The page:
$953

64

65

66 YRS.,

4 MOS.

67

68

70

69

63

62

IN

2018

Source: Social Security Administration

“But I’m not crazy. There’s an iron logic in my decision. I’m taking my Social Security early because that’s $1,400 less a month I have to worry about making. I’m taking Social Security early because I had cancer two years ago, and…cancer taught me that life is not a Google calendar with an infinite number of slots to fill. Life is finite. So I’ll give up some stuff—and the promise of more money later—for more freedom now to spend my time as I wish.” (I urge you to read Ms. Galant’s entire post at midcenturymodernmag.com.)

Granted, even the health argument isn’t foolproof; you might be unwell, but every month you’re able to delay claiming Social Security means a larger survivor’s benefit for your spouse (if you die first). On balance, though, an expectation that your life expectancy could be shorter than average is one reason to collect benefits sooner rather than later. Otherwise, I hope you will give the arguments to delay filing for Social Security the benefit of the doubt.

Both my wife and I have individual retirement accounts. I will turn 70½ this year. She is 69. If I start taking required minimum distributions from my IRA and then die before she is 70, and if she inherits my IRA, does she have to continue with my RMDs? Or do the RMDs “stop” until she turns 70½? And if she has to continue, how is that calculated?

If you die after beginning RMDs, and if your wife is your beneficiary, she must first withdraw any part of your RMD for the year of death that hasn’t already been withdrawn, says Ed Slott, an IRA expert in Rockville Centre, N.Y.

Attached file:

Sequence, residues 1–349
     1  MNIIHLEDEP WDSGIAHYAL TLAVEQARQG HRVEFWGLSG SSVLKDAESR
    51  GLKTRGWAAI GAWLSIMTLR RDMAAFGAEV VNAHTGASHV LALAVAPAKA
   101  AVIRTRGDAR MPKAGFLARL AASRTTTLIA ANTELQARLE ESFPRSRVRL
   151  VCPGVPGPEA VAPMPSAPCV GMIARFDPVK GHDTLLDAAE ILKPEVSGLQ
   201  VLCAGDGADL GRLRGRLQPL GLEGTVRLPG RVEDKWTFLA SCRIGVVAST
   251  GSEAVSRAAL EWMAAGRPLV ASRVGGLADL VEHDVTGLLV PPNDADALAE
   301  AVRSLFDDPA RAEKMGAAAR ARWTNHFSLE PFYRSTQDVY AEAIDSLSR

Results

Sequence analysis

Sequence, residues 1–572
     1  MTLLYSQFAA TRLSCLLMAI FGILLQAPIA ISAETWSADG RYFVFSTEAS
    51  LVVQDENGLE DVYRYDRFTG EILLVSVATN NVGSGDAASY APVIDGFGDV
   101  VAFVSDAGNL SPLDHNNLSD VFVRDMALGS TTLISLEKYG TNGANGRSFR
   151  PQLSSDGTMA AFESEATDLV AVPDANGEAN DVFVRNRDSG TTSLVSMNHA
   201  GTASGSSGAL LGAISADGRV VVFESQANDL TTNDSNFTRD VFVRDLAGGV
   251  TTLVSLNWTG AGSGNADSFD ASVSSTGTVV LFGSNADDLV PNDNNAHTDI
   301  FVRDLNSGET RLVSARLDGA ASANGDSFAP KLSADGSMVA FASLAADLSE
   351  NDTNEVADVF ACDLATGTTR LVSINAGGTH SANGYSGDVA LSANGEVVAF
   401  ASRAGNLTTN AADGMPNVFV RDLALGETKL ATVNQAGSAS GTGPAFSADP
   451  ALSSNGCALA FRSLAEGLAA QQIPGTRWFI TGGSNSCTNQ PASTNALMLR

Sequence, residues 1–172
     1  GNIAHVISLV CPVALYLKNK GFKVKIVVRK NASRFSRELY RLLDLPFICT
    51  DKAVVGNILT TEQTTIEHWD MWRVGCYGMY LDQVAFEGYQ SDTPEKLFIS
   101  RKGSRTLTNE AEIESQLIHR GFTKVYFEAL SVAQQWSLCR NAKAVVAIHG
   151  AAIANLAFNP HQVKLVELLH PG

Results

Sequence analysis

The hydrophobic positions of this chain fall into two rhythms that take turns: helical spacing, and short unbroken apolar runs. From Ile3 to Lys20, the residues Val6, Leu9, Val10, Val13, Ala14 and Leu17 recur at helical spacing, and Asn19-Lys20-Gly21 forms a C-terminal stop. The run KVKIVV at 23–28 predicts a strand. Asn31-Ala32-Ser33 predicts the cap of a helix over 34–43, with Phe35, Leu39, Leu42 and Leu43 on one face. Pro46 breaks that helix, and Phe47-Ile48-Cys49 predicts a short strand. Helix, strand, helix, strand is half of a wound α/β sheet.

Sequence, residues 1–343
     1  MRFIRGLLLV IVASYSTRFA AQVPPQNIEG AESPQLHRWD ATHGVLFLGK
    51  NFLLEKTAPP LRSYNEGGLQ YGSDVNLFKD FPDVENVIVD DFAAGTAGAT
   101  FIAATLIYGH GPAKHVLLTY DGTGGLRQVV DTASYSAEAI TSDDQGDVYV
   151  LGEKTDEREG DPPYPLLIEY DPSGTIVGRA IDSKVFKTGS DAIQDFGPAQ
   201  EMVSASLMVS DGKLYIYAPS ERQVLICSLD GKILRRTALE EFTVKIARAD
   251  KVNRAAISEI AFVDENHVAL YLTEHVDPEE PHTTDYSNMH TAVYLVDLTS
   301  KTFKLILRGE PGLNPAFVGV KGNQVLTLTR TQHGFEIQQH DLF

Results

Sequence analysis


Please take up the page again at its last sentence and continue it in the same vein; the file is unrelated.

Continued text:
Once that is done, she can then roll over your IRA balance to her IRA (a spousal rollover), and she will begin taking RMDs when she reaches 70½, based on her age each year.

Technically, a spouse has the option of remaining a beneficiary, rather than doing a spousal rollover, and wouldn’t have to begin RMDs until the deceased spouse would have reached age 70½, Mr. Slott notes. But that wouldn’t provide any advantage in your case since you will be age 70½ this year.

My husband, who is retired, turned 65 in May and went on Medicare. He has a health savings account. We had been in his company’s retiree medical high-deductible plan for the first four months of the year, and I (with a few years before I reach 65), remain covered under that plan. My question: What contributions, if any, can we make to an HSA in 2018?

Once a person is enrolled in Medicare, he or she can no longer contribute to an HSA. But given that your husband wasn’t enrolled from January through April, he can still contribute one-third (or four months’ worth) of the annual limit of $7,900, says Roy Ramthun, a consultant who specializes in high-deductible plans and HSAs. That amounts to $2,633. (Note: The annual contribution limit is $6,900 for individuals covered under qualifying family medical plans. If you’re 55 or older in 2018, you can contribute an additional $1,000.)

As for you, you must set up an HSA in your own name, he says. The annual contribution limit for people with single medical coverage is $3,450. Given that you will have coverage from May through December, your contribution limit is $3,450 x 8/12 = $2,300. And because you appear to be 55 or older, you can also make a $1,000 catch-up contribution, bringing your total to $3,300. (Because you are eligible to contribute to an HSA for all of 2018, you wouldn’t have to prorate your catch-up contribution like your husband.)

Combined, says Mr. Ramthun, you and your husband would be able to deduct $5,933 (or $2,633 + $3,300) on your 2018 income-tax return.